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Wally Elenbaas - Early Lithographs, 1948-1958

from July 27 2013 until September 29 2013

Wally Elenbaas, The Ferry, 1952. Collection Museum Boijmans Van Beuningen. Wally Elenbaas, Party Hat, 1952. Collection Museum Boijmans Van Beuningen. Wally Elenbaas, Blue Nude, 1953. Collection Museum Boijmans Van Beuningen. Wally Elenbaas, Still Life With Trumpet, 1955. Collection Museum Boijmans Van Beuningen, with thanks to Stichting Derkzen van Angeren, 2008. Wally Elenbaas, Palmistry, 1950. Collection Museum Boijmans Van Beuningen, with thanks to Stichting Derkzen van Angeren, 2008. Wally Elenbaas behind a press. Photo: RKD The Hague archive Wally Elenbaas.

In the Print Room Museum Boijmans Van Beuningen shows rotating selections of its permanent collection of prints and drawings. An exhibition with lithographs by the Rotterdam-born artist Wally Elenbaas is now on view.

This summer the exhibition ‘Wally Elenbaas, Early Lithographs, 1948-1958’ is on view in the Print Room in the entrance area of the museum. The exhibition concentrates on a selection of 35 lithographs from the early oeuvre of the artist Wally Elenbaas (1912-2008). This period was important for the artist because he was searching for his own style and story. In addition to lithographs the exhibition contains a selection of objects for lithograph-making, New Year cards and several book covers. Attention is paid to the book covers of Harry Mulisch and Ellen Warmond, but especially to the book ‘Ruth’, for which Elenbaas designed the cover and illustrations on behalf of Stichting Roos. Elenbaas was part of Rotterdam’s vanguard; he was autodidact and master of his craft and he ignored the resistance to the use of colour in lithography.

Recurring Themes
Elenbaas’s whole oeuvre contains a number of recurring themes such as the (ferry)boat, water, birds and (nude) female figure; the lonely human being. Elenbaas found these themes close to home. The shapes and colours were inspired by his travels to the south of Europe, in particular by his trip to Corsica in 1939. Elenbaas experimented a lot with colour, to which there was much resistance at that time; people believed prints should be black-and-white, but Elenbaas believed that everything was made more beautiful by colour. In addition to the recurring themes, Elenbaas’s work can be recognised by the static scenes in which almost no action or movement can be found. In this way, people are set into a dream world, which gives Elenbaas’s work a mysterious quality.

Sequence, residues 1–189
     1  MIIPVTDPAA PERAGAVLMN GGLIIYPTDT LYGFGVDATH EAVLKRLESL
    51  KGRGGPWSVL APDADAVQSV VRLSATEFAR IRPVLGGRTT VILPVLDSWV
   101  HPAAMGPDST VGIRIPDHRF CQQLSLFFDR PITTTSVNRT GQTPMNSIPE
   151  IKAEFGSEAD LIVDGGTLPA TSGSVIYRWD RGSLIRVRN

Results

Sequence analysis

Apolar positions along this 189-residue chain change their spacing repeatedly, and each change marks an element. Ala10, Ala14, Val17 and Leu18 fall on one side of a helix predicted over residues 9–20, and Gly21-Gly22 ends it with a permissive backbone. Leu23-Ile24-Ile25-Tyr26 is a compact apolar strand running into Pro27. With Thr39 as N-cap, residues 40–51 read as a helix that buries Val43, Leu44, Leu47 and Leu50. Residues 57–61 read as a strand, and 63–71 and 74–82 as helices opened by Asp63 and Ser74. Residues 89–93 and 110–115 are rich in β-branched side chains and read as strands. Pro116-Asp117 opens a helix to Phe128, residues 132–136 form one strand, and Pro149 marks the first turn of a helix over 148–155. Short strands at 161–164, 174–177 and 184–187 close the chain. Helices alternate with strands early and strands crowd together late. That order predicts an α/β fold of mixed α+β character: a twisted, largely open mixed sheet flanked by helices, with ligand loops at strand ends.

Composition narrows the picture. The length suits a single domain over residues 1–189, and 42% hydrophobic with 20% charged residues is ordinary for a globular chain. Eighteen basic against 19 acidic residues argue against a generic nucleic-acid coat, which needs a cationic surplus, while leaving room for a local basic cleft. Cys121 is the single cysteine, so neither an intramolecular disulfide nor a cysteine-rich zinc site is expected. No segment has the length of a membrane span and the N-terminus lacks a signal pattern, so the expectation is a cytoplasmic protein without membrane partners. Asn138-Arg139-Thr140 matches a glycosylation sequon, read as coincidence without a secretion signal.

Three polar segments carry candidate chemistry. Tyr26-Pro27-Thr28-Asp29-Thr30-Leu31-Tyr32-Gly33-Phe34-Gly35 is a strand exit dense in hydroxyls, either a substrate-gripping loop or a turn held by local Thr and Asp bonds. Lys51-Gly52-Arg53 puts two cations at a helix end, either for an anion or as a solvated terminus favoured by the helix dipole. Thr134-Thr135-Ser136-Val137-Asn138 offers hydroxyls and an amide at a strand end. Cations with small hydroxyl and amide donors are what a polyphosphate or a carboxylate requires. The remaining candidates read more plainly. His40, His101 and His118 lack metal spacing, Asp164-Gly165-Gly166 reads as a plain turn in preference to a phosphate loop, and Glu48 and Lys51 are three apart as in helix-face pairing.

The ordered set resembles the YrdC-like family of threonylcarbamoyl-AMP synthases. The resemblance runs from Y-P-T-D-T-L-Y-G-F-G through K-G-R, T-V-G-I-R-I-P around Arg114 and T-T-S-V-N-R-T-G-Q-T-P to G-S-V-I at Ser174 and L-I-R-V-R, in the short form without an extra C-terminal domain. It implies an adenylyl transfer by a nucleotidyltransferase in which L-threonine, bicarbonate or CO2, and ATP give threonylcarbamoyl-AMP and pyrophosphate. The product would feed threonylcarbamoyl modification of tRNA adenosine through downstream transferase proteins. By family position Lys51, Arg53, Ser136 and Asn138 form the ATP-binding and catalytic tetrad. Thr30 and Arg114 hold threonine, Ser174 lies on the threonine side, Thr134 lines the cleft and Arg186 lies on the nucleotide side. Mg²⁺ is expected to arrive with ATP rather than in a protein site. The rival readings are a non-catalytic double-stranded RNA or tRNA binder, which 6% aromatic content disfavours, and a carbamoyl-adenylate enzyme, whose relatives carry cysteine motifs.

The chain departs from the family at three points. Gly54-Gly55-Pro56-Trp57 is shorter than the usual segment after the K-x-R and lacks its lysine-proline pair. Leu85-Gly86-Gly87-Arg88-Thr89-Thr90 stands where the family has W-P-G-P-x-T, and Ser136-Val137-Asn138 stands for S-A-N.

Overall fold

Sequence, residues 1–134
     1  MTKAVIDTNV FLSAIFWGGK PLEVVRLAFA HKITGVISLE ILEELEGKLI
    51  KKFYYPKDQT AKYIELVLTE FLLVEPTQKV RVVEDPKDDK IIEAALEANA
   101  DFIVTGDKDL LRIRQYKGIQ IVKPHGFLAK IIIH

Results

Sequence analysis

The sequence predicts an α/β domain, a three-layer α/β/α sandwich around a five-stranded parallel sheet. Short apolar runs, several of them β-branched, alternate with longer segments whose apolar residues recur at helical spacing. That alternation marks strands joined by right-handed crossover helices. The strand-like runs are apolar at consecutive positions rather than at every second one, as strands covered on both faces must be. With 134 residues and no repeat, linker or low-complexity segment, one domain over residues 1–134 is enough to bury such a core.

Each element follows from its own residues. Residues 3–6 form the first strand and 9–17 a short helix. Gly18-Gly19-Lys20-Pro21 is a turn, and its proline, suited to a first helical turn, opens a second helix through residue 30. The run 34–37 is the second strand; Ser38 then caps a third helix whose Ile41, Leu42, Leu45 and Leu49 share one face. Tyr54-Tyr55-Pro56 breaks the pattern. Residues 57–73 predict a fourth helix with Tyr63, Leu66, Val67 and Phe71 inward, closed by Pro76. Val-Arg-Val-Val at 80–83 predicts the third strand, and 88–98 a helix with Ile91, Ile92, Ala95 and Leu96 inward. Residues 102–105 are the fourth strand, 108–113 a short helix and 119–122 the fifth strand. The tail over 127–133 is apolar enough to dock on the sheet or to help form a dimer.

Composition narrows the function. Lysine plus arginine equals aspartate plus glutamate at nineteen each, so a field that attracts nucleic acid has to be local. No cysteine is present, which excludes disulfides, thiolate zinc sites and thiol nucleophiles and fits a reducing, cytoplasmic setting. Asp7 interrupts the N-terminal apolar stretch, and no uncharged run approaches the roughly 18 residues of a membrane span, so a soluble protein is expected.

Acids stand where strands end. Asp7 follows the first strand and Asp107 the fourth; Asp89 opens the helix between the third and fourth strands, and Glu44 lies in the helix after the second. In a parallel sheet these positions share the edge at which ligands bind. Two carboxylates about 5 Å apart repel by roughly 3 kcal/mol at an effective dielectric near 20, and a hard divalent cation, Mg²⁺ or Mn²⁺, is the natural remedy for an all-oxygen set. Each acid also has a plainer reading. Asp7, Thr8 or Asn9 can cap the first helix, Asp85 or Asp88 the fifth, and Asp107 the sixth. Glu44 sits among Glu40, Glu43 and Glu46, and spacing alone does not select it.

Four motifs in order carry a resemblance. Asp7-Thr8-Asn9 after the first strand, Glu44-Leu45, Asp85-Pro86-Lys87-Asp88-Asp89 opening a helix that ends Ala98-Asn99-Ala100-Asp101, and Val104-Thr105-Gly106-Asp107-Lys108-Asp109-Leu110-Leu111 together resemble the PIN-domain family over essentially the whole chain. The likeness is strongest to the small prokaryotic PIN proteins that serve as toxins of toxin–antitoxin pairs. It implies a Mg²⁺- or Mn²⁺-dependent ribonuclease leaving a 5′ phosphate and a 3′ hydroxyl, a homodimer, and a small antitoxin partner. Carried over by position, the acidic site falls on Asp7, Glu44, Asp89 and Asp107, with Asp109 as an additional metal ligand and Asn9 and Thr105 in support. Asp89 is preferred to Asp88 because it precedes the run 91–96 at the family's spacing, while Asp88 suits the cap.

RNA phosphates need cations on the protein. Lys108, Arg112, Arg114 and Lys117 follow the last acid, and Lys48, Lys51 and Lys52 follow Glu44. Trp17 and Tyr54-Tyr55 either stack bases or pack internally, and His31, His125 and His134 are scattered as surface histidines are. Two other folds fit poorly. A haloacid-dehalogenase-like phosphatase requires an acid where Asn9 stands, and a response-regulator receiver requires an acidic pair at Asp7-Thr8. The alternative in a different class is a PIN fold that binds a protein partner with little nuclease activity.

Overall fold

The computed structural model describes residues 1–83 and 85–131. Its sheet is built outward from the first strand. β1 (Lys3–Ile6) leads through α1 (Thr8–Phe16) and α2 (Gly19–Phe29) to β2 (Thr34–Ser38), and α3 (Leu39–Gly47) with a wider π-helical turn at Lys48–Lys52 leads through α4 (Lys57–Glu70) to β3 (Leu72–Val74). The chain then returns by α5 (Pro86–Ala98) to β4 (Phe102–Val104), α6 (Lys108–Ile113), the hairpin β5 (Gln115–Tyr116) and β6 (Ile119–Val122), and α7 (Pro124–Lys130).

Wally Elenbaas, Master of the Lithograph
Elenbaas started his career as a photographer. He photographed according to the rules of the New Photography in which mainly technical and pragmatic photo’s were taken. In the 30s Elenbaas exchanged his camera for drawing- and painters palette because he thought that photography did not allow him enough forms of expression. In 1945 he started making his first etchings in the studio of Rotterdam-based printer Andreas Schotel. A number of these etchings were shown in the exhibition Rotterdams Grafiek (Rotterdam Prints) in Museum Boijmans Van Beuningen in 1947 and were purchased for the Print Room of the museum afterwards. A conflict with Schotel, after which Elenbaas was no longer welcome in his studio, led Elenbaas to give up etching and start making lithographs. Endless experimentation made him master of this medium and he became incredibly important for the development of the one-stone lithograph. With this method of printing only one stone is used, meaning that once the drawing is applied to the stone it cannot be modified. Each colour is printed using the same stone. Due to this difficult method, Elenbaas printed his lithographs in small editions, sometimes only three copies.

The exhibition is being made on the occasion of the publication ‘Grafiek Wally Elenbaas’, published by the Stichting Derkzen van Angeren. The publication will be available in the museum shop and via the website of Uitgeverij Douane for €39,95 (only in Dutch).